Now some will say that Dave and Julie are unusual – a one-income family in a two-income world – dreamers who spent too much on their home and now pay the price. Yet in Canada, it is Dimitri, not Dave, who is unusual. For a senior citizen, Dimitri's income is unusually low, while Dave's income is close to the average for working families. Just look at the accom-panying chart.

In 1995, the average net income for tax filers between the ages of 25 and 55 was $19,200. For senior citizens it was $18,600. In other words, after adjusting for taxes and deductions, working people have about $600 per annum more than senior citizens. With this $600, they are expected to raise their children and pay for their homes.

Age Groups: 25 to 55 Over 65
Gross income

Deductions

Taxes

Net income

 

$29,200

(2,900)

(7,100)

$19,200

 

$23,000

(1,000)

(3,400)

$18,600

 

Dave is one of Canada's nouveau poor, and he's not alone. There are lots of Daves out there. Hammered by child care, mortgage payments and a tax system that pretends that children and mortgages do not diminish one's ability to pay tax, many middle-class families have a standard of living below the poorest senior citizen. And yet, while Canada's Dimitris are depicted as frugal seniors bravely coping with a near-poverty existence, young families are characterized as spoiled, self-indulgent wastrels – boomers who need to get their spending under control if they want to avoid the financial difficulties allegedly besetting so many of today's seniors. They are told that, to avert poverty, they must save heavily for retirement. And they believe it. And they blame themselves when they can't find the money. And they worry about their children, and their future.

For most, these concerns are misplaced. Dave, like many Canadians, wants to retire early. For him, it will be easy. From the Ontario Teachers' Pension Plan and the CPP, Dave will collect about $38,000 per annum (1999 dollars) starting at age 56. Once he and Julie reach 65, Old Age Security will give them another $10,000, bringing their total to $48,000. Let's compare Retired Dave with Working Dave.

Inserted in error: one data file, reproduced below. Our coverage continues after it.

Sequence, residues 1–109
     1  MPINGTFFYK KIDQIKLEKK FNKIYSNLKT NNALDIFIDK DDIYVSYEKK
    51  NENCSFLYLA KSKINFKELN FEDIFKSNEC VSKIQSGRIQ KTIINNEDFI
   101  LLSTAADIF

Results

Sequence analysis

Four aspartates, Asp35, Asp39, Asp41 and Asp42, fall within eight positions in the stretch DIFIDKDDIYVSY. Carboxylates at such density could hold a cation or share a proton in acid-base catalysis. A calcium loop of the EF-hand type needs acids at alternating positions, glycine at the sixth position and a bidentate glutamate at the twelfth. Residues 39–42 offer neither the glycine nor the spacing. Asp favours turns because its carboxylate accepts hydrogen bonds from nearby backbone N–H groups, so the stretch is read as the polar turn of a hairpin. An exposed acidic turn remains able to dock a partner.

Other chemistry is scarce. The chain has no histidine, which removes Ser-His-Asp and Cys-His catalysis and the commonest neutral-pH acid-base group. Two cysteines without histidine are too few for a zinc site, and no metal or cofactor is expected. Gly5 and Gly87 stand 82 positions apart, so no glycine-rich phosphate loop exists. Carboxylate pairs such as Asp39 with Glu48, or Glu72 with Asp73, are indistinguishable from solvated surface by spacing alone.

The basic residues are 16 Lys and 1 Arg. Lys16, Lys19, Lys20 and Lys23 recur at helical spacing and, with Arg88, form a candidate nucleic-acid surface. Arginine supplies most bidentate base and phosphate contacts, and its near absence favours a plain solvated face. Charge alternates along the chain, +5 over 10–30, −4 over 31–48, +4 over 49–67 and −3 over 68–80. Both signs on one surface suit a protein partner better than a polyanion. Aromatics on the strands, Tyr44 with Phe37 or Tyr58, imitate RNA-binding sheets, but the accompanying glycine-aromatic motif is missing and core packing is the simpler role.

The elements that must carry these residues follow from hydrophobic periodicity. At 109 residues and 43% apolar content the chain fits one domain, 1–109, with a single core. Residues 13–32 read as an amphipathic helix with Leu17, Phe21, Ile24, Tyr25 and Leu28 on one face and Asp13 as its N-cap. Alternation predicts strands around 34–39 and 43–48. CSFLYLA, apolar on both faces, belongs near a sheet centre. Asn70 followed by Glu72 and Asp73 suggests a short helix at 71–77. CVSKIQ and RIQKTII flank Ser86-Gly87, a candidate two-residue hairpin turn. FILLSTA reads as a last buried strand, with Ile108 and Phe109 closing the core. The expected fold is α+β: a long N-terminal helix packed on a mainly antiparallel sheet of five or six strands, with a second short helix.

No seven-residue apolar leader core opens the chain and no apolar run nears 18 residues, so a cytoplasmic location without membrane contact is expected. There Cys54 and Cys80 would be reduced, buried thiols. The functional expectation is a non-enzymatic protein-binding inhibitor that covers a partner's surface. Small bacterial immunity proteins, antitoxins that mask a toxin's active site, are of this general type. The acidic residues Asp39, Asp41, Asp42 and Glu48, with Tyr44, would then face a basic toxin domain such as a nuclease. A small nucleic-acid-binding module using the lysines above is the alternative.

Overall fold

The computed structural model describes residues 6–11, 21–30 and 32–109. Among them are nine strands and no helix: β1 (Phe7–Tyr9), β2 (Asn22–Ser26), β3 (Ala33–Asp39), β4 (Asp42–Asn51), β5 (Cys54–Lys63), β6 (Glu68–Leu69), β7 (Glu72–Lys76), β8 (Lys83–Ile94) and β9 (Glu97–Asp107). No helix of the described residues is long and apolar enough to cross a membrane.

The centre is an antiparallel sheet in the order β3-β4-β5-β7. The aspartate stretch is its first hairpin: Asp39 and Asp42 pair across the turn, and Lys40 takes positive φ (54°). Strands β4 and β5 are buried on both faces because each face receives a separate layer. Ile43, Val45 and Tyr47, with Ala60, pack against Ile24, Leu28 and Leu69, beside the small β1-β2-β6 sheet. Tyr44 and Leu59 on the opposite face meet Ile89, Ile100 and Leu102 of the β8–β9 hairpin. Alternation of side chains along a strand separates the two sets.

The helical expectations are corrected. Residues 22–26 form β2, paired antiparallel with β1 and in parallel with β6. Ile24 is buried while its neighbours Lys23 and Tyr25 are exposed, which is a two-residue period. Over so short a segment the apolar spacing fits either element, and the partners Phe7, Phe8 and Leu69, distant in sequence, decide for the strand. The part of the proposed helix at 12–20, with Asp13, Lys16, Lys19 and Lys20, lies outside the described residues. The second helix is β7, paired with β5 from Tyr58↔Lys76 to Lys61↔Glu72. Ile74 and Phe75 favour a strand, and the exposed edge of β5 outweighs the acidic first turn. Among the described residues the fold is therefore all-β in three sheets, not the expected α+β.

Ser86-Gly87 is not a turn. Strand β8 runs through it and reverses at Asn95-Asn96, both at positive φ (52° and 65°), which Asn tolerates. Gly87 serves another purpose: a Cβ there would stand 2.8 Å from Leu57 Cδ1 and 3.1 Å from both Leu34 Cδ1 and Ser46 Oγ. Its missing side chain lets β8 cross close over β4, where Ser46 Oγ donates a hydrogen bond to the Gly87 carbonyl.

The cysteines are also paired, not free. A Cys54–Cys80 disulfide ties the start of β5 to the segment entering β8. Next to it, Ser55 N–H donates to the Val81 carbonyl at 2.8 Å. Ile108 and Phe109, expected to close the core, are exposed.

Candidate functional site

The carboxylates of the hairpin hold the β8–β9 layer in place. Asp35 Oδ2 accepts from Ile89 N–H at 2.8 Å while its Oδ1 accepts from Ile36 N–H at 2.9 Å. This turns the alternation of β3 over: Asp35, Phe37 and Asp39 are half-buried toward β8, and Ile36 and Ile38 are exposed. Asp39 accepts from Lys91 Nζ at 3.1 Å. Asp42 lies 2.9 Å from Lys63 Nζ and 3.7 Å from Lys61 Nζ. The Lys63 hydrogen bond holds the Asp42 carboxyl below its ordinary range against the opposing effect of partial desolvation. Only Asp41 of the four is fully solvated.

Retired Dave Working Dave
Income

Taxes

Mortgage/Dept payments

Pension, RESP contributions

Union dues/employment expenses

Available for consumption

 

$48,000

(8,700)

(0)

(0)

(0)

$39,300

 

$63,400

(16,300)

(14,500)

(6,600)

(1,800)

$24,200

 

Retired Dave will have $15,000 less income than Working Dave. But his tax bill will be cut in half. His debts will be behind him. So will his pension contributions, union dues, RESP contributions and employment expenses. So Retired Dave will have $39,000 to support two, while Working Dave has $24,000 to support five. By any measure, Retired Dave will be able to live twice as well as Working Dave, yet in The Financial Post article, Dave is told that his pension "will not meet the couple's aspirations."

To conform to the conventional wisdom, Dave must abandon his free-spending ways and hunker down to 20 years of self-deprivation. The reward? After supporting a family of five on less than $25,000 a year, what will happen when Dave has twice as much money to support half as many people?

I'm reminded of the words with which Scottish mothers sent their sons into the world: "I've raised you to be a good Presbyterian. It won't stop you from sinning, but it will stop you from enjoying it." If frugality is all you've known, you are unlikely to enjoy extravagance. Retired Dave will probably discover, as many seniors do, that the life he knows is a simple one. It doesn't cost much. Once he retires, the money will start to pile up.

So yes, Virginia, there are poor people in Canada. We don't see them on television or read about them in the newspaper. They are invisible – struggling stoically with taxes and mortgages and children. Unlike the well-publicized "victims" with whom politicians dance and celebrities pose, middle-class families are not poor because the government gives them too little. They are poor because the government takes from them too much – collateral damage in the government's war on poverty.

For the Daves of this world there will be no dramatic escape to the United States. They will stay in Canada; do their jobs, raise their children, pay their taxes, honor their debts. They will endure condescending politicians, prime-ministerial taunts, financial scare tactics, media neglect. They will embrace frugality, beat down their expectations, pay their dues, bide their time.

And then in their 50s, their children grown and their debts discharged, they will retire to a better life than any they have known. And they will discover what Dimitri already knows.

"…until we retired, we had only debts in our life; once we retired, suddenly, all the debts evaporated."

Malcolm Hamilton is an actuary with William M. Mercer Ltd. in Toronto.